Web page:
Pro-democracy Campaigner Nguyen Trung Linh Still Under Detention, His Situation Unknown for Family
Defend the Defenders, June 9, 2018
Authorities in Vietnam’s capital city of Hanoi are still holding pro-democracy campaigner Nguyen Trung Linh in custody but have not informed his family about his situation, Defend the Defenders has learned.
Mr. Linh, who posted a statement on his Facebook page on May 25 to call for peaceful demonstrations to protest China’s violations of the country’s sovereignty in the East Sea (South China Sea), was arrested by security forces in late May. However, it is unclear what charge he is facing nor his prosecution is made.
Currently, his family does not know where he is held because the city’s police have not informed his family, his sister-in-law namely Ho Thi Lan told Defend the Defenders.
A retired activist said Mr. Linh was arrested on May 27 afterhe appeared in centralHanoi while his neighbors told his friends that the arrest was made in his private apartment on May 28. Police had also searched his apartment located in Hai Ba Trung district, neighbors added.
Mrs. Lan, who is residing in the US, said her family has litle information about Mr. Linh’s detention.
Mr. Linh’s detention can be listed as enforced disappearance, according to international norm, said Vu Quoc Ngu, director of Defend the Defenders. The domestic public and international human rights organizations should pay attention to his case, Mr. Ngu said.
Mr. Linh was born in 1967 in the central province of Thanh Hoa. He was an excellent student, sent to the Czech Republic in mid 1980s to study a bachelor program. Influenced by democratic revolution in the Eastern Europe in early 1990s, he worked for a student outlet established by Vietnamese pro-democracy activists in Prague.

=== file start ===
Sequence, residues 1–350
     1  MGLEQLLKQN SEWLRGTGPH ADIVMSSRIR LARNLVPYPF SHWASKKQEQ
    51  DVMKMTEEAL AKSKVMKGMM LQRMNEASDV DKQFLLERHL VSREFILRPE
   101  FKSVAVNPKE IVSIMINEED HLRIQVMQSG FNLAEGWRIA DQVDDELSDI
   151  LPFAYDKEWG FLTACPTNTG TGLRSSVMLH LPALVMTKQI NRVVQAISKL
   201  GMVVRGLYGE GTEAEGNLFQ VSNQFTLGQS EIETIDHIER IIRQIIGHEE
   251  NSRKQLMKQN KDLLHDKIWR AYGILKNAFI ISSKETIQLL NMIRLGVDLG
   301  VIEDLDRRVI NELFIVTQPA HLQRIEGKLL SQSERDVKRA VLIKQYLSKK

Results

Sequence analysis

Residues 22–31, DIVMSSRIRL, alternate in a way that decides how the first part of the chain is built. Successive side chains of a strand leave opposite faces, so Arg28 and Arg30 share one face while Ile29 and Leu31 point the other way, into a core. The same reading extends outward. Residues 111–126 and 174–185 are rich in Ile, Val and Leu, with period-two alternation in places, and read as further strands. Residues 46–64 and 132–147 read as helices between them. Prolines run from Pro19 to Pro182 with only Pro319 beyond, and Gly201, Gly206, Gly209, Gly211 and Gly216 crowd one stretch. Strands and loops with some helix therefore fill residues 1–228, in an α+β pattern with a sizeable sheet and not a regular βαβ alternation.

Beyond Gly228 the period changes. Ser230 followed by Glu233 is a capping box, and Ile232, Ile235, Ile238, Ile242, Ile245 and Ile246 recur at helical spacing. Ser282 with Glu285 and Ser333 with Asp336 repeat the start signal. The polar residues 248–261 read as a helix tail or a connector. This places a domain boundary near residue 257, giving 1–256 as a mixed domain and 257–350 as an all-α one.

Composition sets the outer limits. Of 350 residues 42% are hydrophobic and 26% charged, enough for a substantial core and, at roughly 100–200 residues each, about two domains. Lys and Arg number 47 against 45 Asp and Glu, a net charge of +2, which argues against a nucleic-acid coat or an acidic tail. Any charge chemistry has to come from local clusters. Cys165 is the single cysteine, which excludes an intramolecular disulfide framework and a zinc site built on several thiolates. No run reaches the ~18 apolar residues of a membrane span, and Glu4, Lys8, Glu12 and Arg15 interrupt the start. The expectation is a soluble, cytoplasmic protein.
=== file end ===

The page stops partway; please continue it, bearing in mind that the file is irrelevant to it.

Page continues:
After returning in Vietnam in mid 1990s, he was detained by security forces but no charge was made. After marrying to a university official, he was arrested again because of his pro-democracy writing and attempts to establish an organization with participation of other activists. In order to avoid being prosecuted, his family claimed that he had mental disease as one of his brothers. He was sent to a mental treatment facility for a short time.
Mrs. Lan said that in the past over 20 years, Mr. Linh has been under constant persecution of the Hanoi security forces who maintain close surveillance on him. He had been arrested and placed in detention for short time without being charged many times, she said.
He has been assaulted many times by policemen who were assigned to follow him, when he met with other activists or took his two children to school, Lan said, adding that in one of these cases, they knocked down his motorbike, causing serious injuries to his older son on his head.
Along with assaulting him, police threatened to take him back to mental disease treatment facilities if he continues to write to advocate multi-party democracy.
Hanoi police also disseminated the wrong information saying he is suffering from mental disease in a bid to isolate him with other activists and people in his areas. They have also blocked his economic activities.
Police have also threatened his relatives in order to prevent them from speak out to support him, Lan noted, adding as a result, few people understand his situation.
Linh had called for the establishment of opposition parties, however, police detected and arrested him in short time, she said.
Along with using controversial articles in the national security provisions to arrest and convict political dissidents, Vietnam’s security forces have used other measures to persecute activists, including abduction, torture, close surveillance, and blockage of economic activities. Many political dissidents have been arrested and placed in long detention without being charged and tried.
The detention of Mr. Linh is part of Vietnam’s ongoing crackdown on local political dissidents, human rights defenders, social activists and bloggers. Around 80 activists have been arrested and convicted in the past few years.
Mr. Linh has been the 4th activist being detained so far this year. Others are namely Vu Van Hung, member of the Brotherhood for Democracy, Do Cong Duong, a anti-corruption activist, and university official Nguyen Duy Son. Duong and Son were charged with “abusing democratic freedom” under Article 331 of the 2015 Penal Code while Hung was sentenced to one year in prison for inflicting injuries in a trumped-up politically motivated case in early January.
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